‘He’s looking after me, now leave him alone.’ She slapped Davies affectionately on the shoulder. ‘You’re both off duty.’

Alec did a slight double take. ‘What the hell’s that on your top lip?’

McVeigh shuffled slightly. ‘It’s a moustache.’

‘I can see that, but have we not already had this conversation?’

‘I grew it on holiday. I can do what I like on holiday.’ He looked to Oonagh for backup. ‘Within reason.’

‘Get rid of it – you look like a twat.’

‘I think it makes you look distinguished.’ Oonagh brushed an imaginary piece of fluff from McVeigh’s shoulder; she caught Davies watching and wiped the smear of lipstick off his cheek with her thumb.

Davies raised one eyebrow and McVeigh picked up the cue, made his excuse and left.

‘Why d’you do that with him?’

She linked his arm. ‘Do what?’

‘The Doris Day routine.’

‘Oh, behave. You need the love of a good woman. Alec. You’re too flipping grumpy.’

‘Can I start with a few bad ones first, then move on to the good ones when I’m a bit older?’ Someone in the distance suddenly caught his eye. ‘Here…’ he guided Oonagh through the crowd there’s someone I want you to meet.’

He was the only man in the room in full uniform. A row of medals decorated his left breast, scrambled-egg braiding adorned his hat, which he held tucked under his arm. She recognised Gordon Threadgold immediately – Chief Constable of Strathclyde Police. Oonagh had had cause to interview him enough times when she was a reporter; he was a high-profile public figure. Alec reached out his hand as they drew near. ‘Sir,’ was all he said as the men shook hands. His face beamed. It was the first time Oonagh had heard him address anyone as sir; she’d never seen him be subservient to anyone in fact.   ‘May I introduce you to
‘Oonagh O’Neil.’  Threadgold clasped Oonagh’s hand and held it in both of his. ‘ What a pleasure to meet you.’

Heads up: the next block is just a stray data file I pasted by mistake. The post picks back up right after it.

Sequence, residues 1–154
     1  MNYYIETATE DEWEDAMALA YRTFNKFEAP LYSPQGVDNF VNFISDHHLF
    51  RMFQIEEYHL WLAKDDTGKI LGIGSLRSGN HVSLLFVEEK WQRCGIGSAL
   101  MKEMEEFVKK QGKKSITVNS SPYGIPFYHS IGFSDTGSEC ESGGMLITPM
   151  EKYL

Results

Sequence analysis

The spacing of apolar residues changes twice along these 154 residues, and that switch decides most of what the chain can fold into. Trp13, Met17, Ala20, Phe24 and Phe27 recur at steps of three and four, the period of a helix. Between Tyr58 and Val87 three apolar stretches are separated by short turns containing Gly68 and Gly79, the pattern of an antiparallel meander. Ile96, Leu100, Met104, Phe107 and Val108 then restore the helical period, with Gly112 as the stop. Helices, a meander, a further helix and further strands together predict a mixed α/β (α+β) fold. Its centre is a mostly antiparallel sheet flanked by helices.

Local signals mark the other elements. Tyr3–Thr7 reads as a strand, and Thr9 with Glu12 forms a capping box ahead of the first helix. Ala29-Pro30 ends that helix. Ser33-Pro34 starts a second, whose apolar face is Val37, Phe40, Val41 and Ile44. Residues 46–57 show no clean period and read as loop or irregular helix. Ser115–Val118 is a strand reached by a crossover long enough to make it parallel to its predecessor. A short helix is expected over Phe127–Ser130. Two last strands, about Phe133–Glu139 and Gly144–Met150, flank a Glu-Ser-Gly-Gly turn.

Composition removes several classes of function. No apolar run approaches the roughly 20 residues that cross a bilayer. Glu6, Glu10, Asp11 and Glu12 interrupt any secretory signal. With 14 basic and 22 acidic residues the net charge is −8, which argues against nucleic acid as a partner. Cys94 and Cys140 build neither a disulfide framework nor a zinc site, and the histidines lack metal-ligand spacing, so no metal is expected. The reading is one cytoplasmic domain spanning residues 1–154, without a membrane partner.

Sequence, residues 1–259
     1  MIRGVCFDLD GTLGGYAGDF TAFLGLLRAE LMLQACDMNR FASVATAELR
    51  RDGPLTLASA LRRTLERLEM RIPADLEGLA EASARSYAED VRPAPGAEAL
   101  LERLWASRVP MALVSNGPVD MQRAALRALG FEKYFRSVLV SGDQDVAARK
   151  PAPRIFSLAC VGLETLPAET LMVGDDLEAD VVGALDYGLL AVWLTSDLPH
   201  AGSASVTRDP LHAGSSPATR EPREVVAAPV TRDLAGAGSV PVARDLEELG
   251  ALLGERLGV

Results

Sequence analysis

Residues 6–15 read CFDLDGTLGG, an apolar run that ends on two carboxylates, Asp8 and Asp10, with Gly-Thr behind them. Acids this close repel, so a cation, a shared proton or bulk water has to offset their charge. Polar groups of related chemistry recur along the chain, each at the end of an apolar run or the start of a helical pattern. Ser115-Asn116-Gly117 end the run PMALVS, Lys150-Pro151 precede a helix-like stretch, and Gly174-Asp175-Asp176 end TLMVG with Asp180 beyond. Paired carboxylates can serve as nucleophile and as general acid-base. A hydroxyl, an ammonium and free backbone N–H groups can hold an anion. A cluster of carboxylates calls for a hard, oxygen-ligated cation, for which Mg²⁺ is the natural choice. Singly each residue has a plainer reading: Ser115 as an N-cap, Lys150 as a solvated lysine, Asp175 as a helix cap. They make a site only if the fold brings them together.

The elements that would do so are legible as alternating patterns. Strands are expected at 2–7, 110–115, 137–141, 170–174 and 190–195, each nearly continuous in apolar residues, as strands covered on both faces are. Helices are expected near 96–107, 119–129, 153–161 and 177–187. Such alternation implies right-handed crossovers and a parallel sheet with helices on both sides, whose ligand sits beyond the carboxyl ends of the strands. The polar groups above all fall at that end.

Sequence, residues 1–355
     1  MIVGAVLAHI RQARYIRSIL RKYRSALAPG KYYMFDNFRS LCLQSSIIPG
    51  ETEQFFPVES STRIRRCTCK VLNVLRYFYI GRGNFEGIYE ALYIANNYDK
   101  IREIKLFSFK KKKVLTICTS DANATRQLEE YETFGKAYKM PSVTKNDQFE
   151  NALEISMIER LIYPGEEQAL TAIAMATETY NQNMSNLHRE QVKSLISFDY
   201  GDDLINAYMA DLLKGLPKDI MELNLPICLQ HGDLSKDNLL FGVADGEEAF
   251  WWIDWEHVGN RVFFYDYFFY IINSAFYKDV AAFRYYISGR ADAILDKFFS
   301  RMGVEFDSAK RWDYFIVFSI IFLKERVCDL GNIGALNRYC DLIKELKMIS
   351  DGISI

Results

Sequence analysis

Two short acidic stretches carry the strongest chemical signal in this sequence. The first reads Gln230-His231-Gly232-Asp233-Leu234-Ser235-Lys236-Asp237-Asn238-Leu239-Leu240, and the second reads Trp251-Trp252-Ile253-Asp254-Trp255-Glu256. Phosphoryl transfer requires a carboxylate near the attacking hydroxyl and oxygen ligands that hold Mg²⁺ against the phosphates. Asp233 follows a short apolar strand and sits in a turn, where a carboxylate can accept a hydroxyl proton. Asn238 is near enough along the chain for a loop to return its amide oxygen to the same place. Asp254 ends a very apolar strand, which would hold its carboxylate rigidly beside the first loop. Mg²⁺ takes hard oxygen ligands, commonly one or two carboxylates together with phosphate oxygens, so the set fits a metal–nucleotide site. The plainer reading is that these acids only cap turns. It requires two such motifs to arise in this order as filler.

Oonagh didn’t have the heart to tell him they’d met several times in the past fifteen years, but long before she was a well-known face on the box every night.

‘Pleasure’s all mine, Chief Constable.’

‘Only for another,’ he made a big deal of looking at his watch, ‘twenty seven days, then I’ll be picking up my gold clock.

‘I thought it was a bit like being the president…’ Oonagh looked him in the eye to see how far she could take this ‘… or the Pope – they could never take the title away from you.’ Alec looked mortified then instantly relieved when Threadgold threw his head back and laughed at Oonagh’s quip.


* * *

My thanks to Veronica for the extract and for the tour invitation.



|   Author Bio   |

Theresa Talbot is a freelance writer, journalist and radio presenter, perhaps best known as the voice of Traffic and Travel on BBC Radio Scotland and as the host of The Beechgrove Potting Shed. Prior to working with the BBC she was with Radio Clyde and the AA Roadwatch team. Theresa worked in various roles before entering the media as an assistant in children’s homes, a Pepsi Challenge girl and a library assistant. She ended up at the BBC because of an eavesdropped conversation on a no.66 bus in Glasgow. Her passions include rescuing chickens, gardening, music and yoga